You’re Such a Copycat!: Misreading Criticisms of Kylie Jenner’s Cornrows

I usually don’t share my opinions on serious issues, especially ones that I am certainly no expert in. Instead, I prefer to just sit back and observe the world wearing my #restingbitchface, silently judging everyone for being so #basic. But for whatever reason, I became interested in the recent Amandla Stenberg, Kylie Jenner, et al. controversy around the topic of cultural appropriation, despite initially ignoring the story altogether and merely scanning the plethora of headlines that mostly read (paraphrasing) “Amandla Stenberg Calls Out Kylie Jenner on Cultural Appropriation for Wearing Conrows in Instagram Photo.”

My initial indifference to the story was based on two assumptions. The first assumption being that I simply did not know anything at all about Kylie Jenner’s critic in this particular drama.  Or so I thought.  Because after gleaning that said critic was a 16-year-old African-American actress who had played a supporting role in the movie The Hunger Games, the name Amandla Stenberg still didn’t ring any bells and I had no frame of reference for who exactly this girl was and where she was coming from.

The second assumption was that I already knew everything there was to know about cultural appropriation and why people are so offended by it.  Again, or so I thought.  And this particular drama just seemed to be another run-of-the-mill example of a recurrent storyline that I was seemingly very familiar with.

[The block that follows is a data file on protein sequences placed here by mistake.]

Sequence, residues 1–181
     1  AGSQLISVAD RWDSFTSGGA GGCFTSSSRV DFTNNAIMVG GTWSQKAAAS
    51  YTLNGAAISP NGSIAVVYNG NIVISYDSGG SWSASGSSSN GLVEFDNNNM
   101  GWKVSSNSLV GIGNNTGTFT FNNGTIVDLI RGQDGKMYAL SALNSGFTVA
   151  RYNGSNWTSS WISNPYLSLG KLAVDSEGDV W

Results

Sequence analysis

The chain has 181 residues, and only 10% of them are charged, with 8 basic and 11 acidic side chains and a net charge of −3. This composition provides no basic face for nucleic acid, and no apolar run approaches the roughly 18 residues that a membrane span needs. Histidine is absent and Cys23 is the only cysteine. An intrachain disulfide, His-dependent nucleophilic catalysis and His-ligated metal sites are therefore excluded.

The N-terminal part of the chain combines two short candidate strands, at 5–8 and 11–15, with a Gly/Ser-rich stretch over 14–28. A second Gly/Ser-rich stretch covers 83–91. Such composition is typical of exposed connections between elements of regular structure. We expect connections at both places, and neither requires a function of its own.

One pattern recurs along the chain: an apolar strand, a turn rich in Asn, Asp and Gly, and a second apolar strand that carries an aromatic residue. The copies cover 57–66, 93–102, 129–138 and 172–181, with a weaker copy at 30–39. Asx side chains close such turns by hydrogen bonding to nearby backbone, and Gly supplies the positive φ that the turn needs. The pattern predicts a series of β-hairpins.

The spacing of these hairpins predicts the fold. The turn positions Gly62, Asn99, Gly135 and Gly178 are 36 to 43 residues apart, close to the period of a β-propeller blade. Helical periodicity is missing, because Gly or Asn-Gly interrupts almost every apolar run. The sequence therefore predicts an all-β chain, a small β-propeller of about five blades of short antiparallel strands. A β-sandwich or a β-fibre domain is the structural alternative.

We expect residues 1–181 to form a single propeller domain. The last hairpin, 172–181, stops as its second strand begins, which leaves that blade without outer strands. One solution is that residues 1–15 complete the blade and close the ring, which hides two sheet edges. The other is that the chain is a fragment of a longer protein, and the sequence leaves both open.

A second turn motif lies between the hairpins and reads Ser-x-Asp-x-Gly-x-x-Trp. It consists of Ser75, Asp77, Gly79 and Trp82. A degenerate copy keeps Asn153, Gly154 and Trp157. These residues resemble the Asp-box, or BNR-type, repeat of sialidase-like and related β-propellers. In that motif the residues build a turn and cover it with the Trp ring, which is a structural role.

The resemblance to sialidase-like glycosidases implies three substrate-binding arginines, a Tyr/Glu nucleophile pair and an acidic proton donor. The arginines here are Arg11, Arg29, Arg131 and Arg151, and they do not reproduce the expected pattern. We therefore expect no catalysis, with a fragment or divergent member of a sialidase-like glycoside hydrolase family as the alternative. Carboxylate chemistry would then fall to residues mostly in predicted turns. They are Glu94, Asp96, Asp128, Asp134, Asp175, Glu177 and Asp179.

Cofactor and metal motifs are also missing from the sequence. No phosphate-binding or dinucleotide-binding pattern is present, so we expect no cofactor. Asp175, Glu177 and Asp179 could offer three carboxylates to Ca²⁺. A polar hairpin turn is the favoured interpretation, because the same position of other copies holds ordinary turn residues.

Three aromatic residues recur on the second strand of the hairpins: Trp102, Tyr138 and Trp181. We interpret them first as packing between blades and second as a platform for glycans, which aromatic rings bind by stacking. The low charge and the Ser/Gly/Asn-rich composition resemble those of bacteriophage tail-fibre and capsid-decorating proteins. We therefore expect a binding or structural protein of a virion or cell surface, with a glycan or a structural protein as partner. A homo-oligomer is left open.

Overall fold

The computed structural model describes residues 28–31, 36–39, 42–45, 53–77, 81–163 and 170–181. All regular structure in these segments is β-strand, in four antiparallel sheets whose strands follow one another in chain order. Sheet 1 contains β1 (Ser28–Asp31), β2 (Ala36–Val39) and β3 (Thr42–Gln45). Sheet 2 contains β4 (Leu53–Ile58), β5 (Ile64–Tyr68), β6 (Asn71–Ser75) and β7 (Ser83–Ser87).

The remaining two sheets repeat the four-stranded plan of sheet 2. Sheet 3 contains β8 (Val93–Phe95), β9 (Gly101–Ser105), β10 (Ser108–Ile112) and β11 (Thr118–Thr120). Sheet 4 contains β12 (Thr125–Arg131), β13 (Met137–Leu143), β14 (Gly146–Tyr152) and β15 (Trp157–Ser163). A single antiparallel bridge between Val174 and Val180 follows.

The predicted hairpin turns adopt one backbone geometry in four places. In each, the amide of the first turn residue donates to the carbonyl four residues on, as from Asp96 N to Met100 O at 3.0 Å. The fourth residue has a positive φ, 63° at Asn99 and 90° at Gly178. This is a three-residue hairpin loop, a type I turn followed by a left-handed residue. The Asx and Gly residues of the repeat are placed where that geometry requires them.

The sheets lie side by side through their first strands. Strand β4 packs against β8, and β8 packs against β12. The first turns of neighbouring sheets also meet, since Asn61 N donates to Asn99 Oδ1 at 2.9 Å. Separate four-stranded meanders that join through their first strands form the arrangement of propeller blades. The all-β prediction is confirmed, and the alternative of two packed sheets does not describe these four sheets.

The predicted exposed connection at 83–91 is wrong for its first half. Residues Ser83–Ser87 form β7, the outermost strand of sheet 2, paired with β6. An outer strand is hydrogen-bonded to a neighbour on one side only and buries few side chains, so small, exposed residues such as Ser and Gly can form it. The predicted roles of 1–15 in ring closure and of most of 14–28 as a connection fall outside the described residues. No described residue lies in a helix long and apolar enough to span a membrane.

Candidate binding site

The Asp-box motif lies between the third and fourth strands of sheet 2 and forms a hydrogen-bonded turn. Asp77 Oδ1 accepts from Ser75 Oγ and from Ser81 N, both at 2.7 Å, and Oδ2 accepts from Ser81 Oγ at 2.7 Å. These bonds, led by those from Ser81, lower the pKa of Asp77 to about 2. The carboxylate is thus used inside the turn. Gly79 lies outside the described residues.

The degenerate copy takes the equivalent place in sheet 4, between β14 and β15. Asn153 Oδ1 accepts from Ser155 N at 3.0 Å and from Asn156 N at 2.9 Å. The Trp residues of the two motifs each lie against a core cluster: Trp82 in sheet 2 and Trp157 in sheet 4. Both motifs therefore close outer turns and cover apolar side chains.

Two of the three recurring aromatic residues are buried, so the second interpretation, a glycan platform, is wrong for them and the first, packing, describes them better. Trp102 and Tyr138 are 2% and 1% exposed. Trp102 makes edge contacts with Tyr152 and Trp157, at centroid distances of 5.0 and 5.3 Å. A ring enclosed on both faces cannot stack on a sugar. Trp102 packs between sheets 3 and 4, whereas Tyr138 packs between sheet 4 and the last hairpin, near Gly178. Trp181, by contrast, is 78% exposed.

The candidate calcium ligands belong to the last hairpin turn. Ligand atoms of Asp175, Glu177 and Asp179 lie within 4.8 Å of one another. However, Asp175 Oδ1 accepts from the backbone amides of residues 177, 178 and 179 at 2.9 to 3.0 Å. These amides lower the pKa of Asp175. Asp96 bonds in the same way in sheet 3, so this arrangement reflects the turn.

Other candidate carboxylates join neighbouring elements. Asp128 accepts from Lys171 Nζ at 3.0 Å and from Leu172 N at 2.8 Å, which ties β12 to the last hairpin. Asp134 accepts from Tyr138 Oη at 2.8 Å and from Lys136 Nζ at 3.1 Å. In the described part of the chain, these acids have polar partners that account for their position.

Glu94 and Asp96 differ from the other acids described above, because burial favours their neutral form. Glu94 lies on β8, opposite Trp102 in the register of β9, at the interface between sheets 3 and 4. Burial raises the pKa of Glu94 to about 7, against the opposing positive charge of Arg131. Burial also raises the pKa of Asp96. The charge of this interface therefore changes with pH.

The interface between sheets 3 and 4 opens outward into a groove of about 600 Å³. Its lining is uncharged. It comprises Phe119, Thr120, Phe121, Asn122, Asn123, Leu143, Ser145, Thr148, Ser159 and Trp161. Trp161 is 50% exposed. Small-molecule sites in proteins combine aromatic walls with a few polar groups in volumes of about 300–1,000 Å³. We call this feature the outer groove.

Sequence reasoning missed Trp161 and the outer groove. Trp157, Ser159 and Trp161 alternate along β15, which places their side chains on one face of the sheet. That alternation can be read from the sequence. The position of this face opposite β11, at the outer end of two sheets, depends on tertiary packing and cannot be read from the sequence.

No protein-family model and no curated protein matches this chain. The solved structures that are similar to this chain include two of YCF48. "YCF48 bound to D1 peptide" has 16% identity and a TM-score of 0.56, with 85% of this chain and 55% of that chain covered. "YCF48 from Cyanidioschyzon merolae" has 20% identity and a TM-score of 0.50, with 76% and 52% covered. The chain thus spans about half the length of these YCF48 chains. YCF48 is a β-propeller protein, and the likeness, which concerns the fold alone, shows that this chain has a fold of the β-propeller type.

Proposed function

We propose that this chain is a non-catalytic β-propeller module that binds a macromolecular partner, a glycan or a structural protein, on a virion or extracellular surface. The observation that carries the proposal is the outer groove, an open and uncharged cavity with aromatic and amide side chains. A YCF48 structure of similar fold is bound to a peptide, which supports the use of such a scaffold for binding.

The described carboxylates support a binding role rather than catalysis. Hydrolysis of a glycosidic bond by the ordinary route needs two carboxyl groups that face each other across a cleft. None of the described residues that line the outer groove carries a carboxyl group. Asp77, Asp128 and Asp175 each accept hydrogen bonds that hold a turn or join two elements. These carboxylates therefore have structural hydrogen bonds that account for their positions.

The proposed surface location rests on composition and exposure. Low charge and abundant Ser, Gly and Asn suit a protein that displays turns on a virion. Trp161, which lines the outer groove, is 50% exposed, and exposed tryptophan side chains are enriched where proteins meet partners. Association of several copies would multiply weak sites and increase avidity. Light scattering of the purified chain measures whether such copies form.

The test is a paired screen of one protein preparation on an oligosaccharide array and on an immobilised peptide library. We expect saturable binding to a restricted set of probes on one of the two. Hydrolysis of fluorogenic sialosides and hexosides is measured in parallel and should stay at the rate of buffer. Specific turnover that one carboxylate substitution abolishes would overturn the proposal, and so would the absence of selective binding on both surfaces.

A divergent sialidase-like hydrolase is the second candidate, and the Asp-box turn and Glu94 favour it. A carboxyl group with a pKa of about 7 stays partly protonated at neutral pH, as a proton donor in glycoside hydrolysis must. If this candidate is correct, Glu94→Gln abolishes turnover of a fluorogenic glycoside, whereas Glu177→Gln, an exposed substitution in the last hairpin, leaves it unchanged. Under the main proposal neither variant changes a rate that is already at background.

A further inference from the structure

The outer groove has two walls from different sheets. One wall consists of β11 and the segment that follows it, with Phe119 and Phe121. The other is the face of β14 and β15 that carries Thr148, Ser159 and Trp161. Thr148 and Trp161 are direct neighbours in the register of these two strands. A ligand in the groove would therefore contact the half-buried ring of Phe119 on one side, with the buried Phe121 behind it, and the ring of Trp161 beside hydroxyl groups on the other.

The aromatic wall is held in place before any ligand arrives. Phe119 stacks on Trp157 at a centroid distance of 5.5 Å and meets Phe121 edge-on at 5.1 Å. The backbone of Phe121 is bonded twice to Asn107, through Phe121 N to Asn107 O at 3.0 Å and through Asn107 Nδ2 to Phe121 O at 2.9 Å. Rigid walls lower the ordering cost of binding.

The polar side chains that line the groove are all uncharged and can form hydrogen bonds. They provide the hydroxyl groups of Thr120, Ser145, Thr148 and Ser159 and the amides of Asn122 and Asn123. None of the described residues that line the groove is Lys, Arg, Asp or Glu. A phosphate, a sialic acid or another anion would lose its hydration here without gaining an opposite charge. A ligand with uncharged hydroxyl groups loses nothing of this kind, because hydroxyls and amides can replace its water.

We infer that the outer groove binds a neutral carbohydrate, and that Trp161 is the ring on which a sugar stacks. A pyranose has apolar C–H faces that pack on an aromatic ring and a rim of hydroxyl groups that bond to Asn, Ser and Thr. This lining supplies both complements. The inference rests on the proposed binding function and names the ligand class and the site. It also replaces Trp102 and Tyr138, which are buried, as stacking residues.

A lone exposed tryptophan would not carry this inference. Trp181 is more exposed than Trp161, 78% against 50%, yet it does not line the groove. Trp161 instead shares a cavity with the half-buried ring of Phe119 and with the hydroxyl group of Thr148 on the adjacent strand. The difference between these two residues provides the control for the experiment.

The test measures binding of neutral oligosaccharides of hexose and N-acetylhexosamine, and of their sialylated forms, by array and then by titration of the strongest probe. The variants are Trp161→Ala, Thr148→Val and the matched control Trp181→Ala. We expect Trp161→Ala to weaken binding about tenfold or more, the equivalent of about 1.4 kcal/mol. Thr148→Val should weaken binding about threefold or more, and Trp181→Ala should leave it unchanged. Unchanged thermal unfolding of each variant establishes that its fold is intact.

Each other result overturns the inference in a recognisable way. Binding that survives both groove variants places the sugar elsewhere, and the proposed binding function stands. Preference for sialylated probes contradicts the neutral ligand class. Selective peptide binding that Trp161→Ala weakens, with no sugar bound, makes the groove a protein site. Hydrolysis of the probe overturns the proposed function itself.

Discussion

As it turns out, both of these assumptions were false.

Contrary to what I initially thought, I actually had heard about Amandla Stenberg before.  As the blurbs about her comments on Jenner’s Instagram photo continued to proliferate, I noticed mention of a previous controversy that Stenberg had been ensnared in, also involving racial issues.  And that’s when it hit me: Stenberg was the same young actress I had read about three years prior after she became the target of a barrage of cruel and deplorably racist comments on social media.

Back then, apparently many readers of the book The Hunger Games had imagined Stenberg’s character, Rue, as being white, despite the fact that the novel actually describes her as having “dark brown skin and eyes.”  Upon learning that the young black actress had been cast as Rue, some of these readers vented their reactions on social media, expressing sentiments that ranged from disappointment to heated outrage.